October is Tyre Safety Month, and CJAM works in partnership with TyreSafe, the leading UK tyre safety charity, to coordinate, create and distribute a range of marketing and campaign materials to drive home core tyre safety messages and drive behaviour change.
More than 50% of UK organisations across private and public sectors are failing to comply with the EU Directive on Privacy and Electronic Communications by not being clear enough with web visitors about cookies, new research from KPMG reveals. This figure has dropped from 80% in 2012, but still represents a fairly poor response to the legislation.
Flouting the ‘EU Cookie Law’, which was designed to protect internet users from intrusive tracking and marketing material, could spell fines of up to £500,000, if user privacy is found to be breached.
Of the remaining websites analysed, 43% use ‘implicit’ messages about installing cookies on users’ computers, usually via a pop-up box that appears on the website and can easily be dismissed by the user without reading. While securing this ‘implicit’ consent is enough to comply with the law in the UK, it doesn’t fully satisfy the requirements of the EU Directive, which requires organisations to seek users’ explicit consent before installing cookies.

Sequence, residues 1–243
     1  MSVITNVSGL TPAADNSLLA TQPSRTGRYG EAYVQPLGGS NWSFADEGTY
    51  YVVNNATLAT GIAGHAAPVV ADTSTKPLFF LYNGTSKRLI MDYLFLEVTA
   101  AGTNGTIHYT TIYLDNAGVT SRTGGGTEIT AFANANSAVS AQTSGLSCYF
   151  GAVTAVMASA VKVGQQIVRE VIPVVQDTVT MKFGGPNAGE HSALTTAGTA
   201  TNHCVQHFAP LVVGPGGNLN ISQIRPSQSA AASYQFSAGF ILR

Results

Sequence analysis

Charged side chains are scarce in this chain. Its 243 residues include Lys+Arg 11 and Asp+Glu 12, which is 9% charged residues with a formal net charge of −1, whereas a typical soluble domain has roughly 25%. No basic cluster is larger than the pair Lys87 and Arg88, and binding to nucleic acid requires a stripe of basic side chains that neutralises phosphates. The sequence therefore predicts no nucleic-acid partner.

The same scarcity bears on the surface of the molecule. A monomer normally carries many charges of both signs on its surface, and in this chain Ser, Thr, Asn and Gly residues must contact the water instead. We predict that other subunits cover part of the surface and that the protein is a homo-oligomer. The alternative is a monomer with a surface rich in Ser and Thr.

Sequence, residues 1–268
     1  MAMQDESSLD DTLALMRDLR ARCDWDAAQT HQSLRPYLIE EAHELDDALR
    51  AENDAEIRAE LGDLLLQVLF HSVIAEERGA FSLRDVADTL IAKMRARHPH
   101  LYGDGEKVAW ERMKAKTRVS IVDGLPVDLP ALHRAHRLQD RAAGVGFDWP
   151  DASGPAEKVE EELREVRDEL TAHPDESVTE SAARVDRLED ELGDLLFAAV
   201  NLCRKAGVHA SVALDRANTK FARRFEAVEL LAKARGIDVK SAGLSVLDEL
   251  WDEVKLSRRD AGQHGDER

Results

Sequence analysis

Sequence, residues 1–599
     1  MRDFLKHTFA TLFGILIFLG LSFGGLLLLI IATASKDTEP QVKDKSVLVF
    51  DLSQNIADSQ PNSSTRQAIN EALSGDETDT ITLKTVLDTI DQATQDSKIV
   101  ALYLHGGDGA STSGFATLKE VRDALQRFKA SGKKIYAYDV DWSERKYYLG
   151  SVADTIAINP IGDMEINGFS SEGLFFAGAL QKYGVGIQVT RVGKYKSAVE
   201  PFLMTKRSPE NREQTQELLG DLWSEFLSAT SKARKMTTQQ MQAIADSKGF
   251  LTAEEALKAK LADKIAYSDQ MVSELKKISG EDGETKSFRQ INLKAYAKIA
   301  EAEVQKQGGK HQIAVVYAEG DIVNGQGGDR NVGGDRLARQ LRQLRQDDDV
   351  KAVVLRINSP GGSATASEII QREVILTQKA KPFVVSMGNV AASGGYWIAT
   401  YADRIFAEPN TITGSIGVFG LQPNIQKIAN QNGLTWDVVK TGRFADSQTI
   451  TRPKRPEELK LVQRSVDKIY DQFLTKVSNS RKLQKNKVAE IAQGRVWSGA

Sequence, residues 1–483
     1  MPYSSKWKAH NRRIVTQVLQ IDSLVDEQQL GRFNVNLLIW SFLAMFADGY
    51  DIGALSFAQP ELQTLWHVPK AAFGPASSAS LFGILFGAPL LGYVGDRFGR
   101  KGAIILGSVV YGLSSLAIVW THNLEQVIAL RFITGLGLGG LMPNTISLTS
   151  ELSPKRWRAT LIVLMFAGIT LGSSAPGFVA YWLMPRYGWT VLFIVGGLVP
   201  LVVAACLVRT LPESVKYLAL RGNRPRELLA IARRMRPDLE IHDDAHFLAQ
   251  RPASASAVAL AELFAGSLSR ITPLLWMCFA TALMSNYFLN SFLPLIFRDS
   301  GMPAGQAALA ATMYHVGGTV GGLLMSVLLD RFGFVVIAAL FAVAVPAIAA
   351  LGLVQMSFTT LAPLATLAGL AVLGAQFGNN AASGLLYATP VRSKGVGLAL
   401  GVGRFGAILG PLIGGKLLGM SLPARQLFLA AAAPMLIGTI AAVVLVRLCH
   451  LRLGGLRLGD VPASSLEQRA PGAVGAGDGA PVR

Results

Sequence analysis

Stephen Bonner, a partner at KPMG, has made an interesting point about how organisations will react to future legislation, given their patchy response to the ‘EU Cookie Law’. After all, if so many organisations are flouting current directives around cyber space and user privacy, what’s to stop them ignoring future legislation?
“The fact remains that cookies monitor users’ website activity, which, if used without prior knowledge for marketing and other purposes, is a breach of privacy,” Bonner says. “By adopting this implicit approach, organisations are assuming individuals have previously consented to receiving cookies. We would therefore question whether the ‘Cookie Law’ has achieved what it set out to do and whether the threat of fines is enough to change organisations’ behaviour.”
For more details on how to comply with the ‘EU Cookie Law’, please visit the ICO website.